And, despite the broad economic growth (5 percent annually anticipated for the next 3 years), some fear that the Bulgarian economy will have to be restructured for EU accession to be realized. UPI reports that inflation jumped from 6.1 to 6.8 percent between April and May, and argues that growth, “…is sucking in imports. The trade deficit last year was 12.5 percent of gross domestic product. Economists do not expect the deficit to contract significantly in the next two years.”

According to BNN, Prime Minister Simeon Saxe-Coburg Gotha pledged that “…from now on the Bulgarian society will live under European laws and rules and this must apply for all citizens.” However, there is still the reality of pervasive corruption and organized crime in Bulgaria.

Car rental agencies in neighboring Macedonia and Greece usually don’t allow their vehicles to enter Bulgaria, due to its reputation for theft. Powerful mafia bosses controlling the drugs trade have resumed a “turf war” this month, resulting in Godfather-style gun battles and assassinations. The most bizarre saw 2 gunmen dressed in the black robes of Orthodox priests killed 3 and injured 2 in downtown Sofia on June 4.

Earlier this month a major counterfeiting ring was busted, with Europol sweeping across 50 locations in the country and seizing 95,000 euros worth of fake cash.   According to Europol Director Juergen Storbeck, the counterfeit bills were so expertly done that major banks would even be fooled by them. Calling Bulgaria a “major center” for European counterfeiting, Storbeck also claimed that “…more than 400,000 travellers’ cheques, fake visas for the United States, Canada and Greece, false passports and counterfeiting software were also seized.

The Bulgarian Interior Ministry attests that 18 counterfeit printing operations have been discovered since 2001 alone. Police as far away as the FBI in Las Vegas have been kept busy with detecting the artful work of the Bulgarian gangs. This week the American Secret Service and FBI announced plans to open for business in Sofia.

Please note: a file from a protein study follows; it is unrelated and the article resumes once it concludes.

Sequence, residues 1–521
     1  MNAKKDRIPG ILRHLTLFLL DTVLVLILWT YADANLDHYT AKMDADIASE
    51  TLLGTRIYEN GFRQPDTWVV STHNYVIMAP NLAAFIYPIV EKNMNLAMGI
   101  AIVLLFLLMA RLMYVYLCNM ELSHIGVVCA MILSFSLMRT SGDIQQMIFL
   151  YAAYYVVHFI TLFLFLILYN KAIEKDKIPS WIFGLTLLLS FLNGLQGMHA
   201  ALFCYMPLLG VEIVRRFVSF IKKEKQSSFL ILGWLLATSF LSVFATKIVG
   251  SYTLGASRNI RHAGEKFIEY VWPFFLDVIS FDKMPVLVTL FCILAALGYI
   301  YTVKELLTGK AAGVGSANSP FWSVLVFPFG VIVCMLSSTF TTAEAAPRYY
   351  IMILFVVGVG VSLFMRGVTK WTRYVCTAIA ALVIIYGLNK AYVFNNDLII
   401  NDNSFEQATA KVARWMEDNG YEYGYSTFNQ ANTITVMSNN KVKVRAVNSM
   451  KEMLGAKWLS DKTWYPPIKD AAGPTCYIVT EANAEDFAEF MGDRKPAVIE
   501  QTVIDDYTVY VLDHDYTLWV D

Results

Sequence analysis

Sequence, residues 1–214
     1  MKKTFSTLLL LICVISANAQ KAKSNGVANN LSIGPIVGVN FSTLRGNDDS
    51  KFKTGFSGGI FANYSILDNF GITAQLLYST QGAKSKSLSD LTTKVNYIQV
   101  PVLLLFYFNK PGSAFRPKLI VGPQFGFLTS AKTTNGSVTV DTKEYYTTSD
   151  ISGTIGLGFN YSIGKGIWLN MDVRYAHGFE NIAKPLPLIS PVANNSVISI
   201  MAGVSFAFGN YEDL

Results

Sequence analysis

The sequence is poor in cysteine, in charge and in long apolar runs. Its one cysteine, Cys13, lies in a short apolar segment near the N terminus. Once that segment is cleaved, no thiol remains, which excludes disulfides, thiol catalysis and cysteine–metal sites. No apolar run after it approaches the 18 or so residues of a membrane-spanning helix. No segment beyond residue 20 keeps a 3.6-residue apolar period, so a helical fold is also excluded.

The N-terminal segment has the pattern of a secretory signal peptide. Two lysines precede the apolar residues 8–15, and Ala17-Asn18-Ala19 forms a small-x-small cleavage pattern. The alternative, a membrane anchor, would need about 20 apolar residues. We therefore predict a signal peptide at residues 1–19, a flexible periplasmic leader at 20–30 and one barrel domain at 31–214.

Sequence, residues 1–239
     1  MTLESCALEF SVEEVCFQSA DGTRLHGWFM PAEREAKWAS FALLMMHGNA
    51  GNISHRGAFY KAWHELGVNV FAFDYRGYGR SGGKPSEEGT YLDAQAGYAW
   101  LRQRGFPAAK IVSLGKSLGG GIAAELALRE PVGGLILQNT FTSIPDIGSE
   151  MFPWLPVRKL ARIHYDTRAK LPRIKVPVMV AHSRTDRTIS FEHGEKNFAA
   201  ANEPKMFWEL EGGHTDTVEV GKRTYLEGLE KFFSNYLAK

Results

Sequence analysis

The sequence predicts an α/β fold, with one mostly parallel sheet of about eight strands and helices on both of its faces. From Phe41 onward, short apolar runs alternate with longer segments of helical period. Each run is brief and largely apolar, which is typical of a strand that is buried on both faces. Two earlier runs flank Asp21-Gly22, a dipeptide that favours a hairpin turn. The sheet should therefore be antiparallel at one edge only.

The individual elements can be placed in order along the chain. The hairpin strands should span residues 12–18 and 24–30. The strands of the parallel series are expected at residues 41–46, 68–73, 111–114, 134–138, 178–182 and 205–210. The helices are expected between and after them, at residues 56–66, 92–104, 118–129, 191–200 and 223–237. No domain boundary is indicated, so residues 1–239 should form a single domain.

The government has long been equated with cronyism and corruption, and its infamous arms industry has also been plagued with scandals. It was embarrassed recently when Gen. Dimitar Vladimirov, head of the National Bodyguard Service, had to fire 10 of his men– for moonlighting as mafia men in their spare time.

Theoretically, it is still possible that Bulgaria’s actual entrance date into the European Union may be deferred, if it cannot follow through on time with “…commitments it has made during the accession talks,” according to Foreign Minister Simeon Passy. One of the most important of these commitments, reports BNN, “…includes early closures of two Soviet-designed reactors at the country’s only nuclear power plant.” The reactors are set to be closed in 2006 and are subject to “a special protocol” in the EU membership negotiations, said Passy.

It was precisely the issue of this “safeguard clause” that provoked the Romanian government to criticize Sofia for its alleged “rashness.” The essential value of the stipulation, for the EU, is to ensure thatthe aspirant countries stick to their reforms and complete them on time. As its negotiations with the 25-member bloc are now sluggish, Romania feels somewhat vulnerable. However, it is likely that all things considered, Bucharest will have to go along with whatever clause the EU and Bulgaria decide.